March 2007
Without Christian ideals, democracy dies

Arnold Toynbee once said that if you want to study comparative religions, buy a ticket instead of a book.

 What the famous historian was saying was that you learn more about a religion by seeing what practical effect it has on a society.

 We are at a critical point in the history of our country and our world. Two religious perspectives stand in stark contrast with each other, both desiring that their religion serve as the basis of our values. Islam and the Judeo/Christian faiths are clashing because adherents of both want their beliefs to serve as the foundation of cultural values, and because of the divergent paths being used to pursue their goals.

Unfortunately, many if not most of our leaders do not realize that there is a vast difference between these two value systems.

It is my opinion that our leaders don’t understand the difference in the way the Eastern mind and the Western mind function. One wants forced submission to Allah achieved by the sword; the other desires voluntary submission to God achieved by a changed heart.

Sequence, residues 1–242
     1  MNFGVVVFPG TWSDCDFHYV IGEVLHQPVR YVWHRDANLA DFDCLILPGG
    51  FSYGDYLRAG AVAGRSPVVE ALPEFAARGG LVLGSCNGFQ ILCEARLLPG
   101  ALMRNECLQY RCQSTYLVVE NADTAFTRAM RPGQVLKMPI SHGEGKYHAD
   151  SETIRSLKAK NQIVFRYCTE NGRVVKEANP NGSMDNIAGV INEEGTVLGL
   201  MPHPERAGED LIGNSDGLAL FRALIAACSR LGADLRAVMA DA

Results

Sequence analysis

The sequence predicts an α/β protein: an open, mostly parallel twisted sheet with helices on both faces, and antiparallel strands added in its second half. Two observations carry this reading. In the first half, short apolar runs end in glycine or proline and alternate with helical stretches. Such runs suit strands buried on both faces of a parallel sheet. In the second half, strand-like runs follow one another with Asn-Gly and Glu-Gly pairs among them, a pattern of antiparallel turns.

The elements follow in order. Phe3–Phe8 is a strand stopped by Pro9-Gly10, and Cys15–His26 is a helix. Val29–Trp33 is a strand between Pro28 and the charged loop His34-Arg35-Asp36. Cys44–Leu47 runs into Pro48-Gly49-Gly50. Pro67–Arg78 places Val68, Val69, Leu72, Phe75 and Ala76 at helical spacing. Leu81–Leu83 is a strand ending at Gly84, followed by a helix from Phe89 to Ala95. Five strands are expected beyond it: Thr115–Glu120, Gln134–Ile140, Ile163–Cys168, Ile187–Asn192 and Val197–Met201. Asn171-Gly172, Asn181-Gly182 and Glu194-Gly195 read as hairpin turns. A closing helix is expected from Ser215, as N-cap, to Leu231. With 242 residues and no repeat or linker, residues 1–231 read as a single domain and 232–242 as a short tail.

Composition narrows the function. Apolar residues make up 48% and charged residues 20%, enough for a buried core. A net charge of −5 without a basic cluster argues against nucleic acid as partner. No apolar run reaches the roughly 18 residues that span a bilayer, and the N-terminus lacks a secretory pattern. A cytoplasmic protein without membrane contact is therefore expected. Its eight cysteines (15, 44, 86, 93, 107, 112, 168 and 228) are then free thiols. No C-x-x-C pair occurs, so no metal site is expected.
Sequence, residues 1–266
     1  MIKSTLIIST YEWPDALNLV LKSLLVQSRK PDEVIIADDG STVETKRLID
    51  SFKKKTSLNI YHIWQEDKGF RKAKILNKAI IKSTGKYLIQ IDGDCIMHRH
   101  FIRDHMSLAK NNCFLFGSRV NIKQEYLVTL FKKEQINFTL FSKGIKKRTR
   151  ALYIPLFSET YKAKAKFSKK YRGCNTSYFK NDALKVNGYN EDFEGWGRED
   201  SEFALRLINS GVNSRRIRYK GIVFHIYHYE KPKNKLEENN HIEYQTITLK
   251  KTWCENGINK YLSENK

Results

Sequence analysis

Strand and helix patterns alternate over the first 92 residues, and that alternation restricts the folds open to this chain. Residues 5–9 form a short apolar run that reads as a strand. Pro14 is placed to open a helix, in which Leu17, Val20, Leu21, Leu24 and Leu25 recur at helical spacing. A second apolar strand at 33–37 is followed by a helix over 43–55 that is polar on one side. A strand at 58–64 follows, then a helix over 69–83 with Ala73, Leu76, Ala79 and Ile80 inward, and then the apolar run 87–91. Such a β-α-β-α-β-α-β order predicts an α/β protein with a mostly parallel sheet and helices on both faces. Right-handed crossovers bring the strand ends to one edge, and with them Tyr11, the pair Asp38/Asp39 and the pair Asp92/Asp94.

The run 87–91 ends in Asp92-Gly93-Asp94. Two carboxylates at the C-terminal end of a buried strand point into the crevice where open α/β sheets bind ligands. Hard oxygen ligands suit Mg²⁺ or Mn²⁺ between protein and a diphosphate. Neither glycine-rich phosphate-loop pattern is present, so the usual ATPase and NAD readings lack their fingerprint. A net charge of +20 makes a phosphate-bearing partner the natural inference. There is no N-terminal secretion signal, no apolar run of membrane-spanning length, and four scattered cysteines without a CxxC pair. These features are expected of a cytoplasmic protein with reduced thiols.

In one respect, 9/11 was the best thing that ever happened to Islam. That day cast Islam into the mainstream of religious debate. Prior to 9/11 we would refer to Christians and Jews when speaking of religions in this country. Now we speak of Christians, Jews and Muslims.

In one way, you could say that ancient Greece was the forerunner of democracy. But it was the teachings of Jesus, permeated throughout the Western mind, which made the soil fertile for democracy to grow and flourish.

Have there been some dark moments in the history of Christianity? Of course there have been. But to define a religion, one must turn to the standard of its teachings, not to isolated events. This is true of Judaism, Christianity and Islam.

If nothing else, perhaps our current situation will force those of us who choose the Christian value system to re-examine our religion’s core principles. It is going to be absolutely necessary to do so if our system of democracy is to continue.

The conflict we are experiencing will be around for a long time. It will not be resolved in a matter of months, but years – if it is ever resolved.

I would suggest that our churches go back to the basic fundamentals and spend much time examining our faith. If we don’t understand the basic fundamentals and how our faith plays out in the real world, we will lose this war of ideas.

And with it goes our democracy.